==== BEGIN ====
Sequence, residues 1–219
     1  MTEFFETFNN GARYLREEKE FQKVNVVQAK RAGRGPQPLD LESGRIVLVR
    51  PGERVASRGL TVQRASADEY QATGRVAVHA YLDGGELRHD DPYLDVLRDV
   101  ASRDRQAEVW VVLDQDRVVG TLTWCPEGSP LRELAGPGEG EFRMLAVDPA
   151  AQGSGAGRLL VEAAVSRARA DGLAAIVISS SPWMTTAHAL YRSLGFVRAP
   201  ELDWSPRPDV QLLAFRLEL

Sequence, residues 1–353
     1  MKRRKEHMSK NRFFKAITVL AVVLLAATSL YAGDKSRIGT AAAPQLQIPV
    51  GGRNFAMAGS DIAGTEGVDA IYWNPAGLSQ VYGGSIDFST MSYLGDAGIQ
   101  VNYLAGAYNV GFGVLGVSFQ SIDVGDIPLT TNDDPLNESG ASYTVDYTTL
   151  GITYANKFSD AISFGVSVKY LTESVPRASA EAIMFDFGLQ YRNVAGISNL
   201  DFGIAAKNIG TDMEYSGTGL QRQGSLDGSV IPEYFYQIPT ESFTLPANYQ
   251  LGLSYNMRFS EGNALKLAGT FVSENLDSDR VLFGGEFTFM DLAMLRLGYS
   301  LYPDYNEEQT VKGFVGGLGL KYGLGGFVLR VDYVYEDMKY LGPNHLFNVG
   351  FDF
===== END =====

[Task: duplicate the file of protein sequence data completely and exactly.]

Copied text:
Sequence, residues 1–219
     1  MTEFFETFNN GARYLREEKE FQKVNVVQAK RAGRGPQPLD LESGRIVLVR
    51  PGERVASRGL TVQRASADEY QATGRVAVHA YLDGGELRHD DPYLDVLRDV
   101  ASRDRQAEVW VVLDQDRVVG TLTWCPEGSP LRELAGPGEG EFRMLAVDPA
   151  AQGSGAGRLL VEAAVSRARA DGLAAIVISS SPWMTTAHAL YRSLGFVRAP
   201  ELDWSPRPDV QLLAFRLEL

Sequence, residues 1–353
     1  MKRRKEHMSK NRFFKAITVL AVVLLAATSL YAGDKSRIGT AAAPQLQIPV
    51  GGRNFAMAGS DIAGTEGVDA IYWNPAGLSQ VYGGSIDFST MSYLGDAGIQ
   101  VNYLAGAYNV GFGVLGVSFQ SIDVGDIPLT TNDDPLNESG ASYTVDYTTL
   151  GITYANKFSD AISFGVSVKY LTESVPRASA EAIMFDFGLQ YRNVAGISNL
   201  DFGIAAKNIG TDMEYSGTGL QRQGSLDGSV IPEYFYQIPT ESFTLPANYQ
   251  LGLSYNMRFS EGNALKLAGT FVSENLDSDR VLFGGEFTFM DLAMLRLGYS
   301  LYPDYNEEQT VKGFVGGLGL KYGLGGFVLR VDYVYEDMKY LGPNHLFNVG
   351  FDF